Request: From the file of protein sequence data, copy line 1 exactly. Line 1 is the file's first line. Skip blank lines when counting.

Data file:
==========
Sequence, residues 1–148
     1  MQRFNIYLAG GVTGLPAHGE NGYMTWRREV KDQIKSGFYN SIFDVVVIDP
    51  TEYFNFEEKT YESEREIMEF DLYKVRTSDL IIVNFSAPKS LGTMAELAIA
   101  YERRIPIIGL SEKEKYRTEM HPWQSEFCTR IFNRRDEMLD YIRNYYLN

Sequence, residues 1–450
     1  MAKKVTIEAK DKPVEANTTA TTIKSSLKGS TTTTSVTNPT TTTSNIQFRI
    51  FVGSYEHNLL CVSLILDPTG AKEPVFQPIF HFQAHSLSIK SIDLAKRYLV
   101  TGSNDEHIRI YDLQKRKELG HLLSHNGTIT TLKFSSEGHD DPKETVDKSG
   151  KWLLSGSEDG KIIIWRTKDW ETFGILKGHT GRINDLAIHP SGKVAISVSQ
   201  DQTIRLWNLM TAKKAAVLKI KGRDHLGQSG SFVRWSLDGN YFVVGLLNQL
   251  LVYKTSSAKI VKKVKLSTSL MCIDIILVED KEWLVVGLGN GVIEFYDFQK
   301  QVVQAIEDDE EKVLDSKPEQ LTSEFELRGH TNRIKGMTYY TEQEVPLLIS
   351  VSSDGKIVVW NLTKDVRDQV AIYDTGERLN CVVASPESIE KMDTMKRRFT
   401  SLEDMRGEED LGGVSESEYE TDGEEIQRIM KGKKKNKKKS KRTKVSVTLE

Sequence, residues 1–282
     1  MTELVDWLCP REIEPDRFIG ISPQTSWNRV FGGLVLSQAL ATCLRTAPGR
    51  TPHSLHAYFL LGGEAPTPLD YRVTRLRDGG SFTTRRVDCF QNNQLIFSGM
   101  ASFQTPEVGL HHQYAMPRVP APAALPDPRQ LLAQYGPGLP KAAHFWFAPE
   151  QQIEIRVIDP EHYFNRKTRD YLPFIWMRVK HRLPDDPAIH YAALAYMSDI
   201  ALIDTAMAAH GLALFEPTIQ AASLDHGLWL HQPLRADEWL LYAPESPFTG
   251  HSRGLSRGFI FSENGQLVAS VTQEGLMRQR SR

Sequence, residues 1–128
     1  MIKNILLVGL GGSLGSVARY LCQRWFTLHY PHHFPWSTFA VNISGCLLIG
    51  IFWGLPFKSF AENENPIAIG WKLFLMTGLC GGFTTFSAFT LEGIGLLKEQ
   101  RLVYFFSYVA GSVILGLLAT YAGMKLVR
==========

Sequence, residues 1–148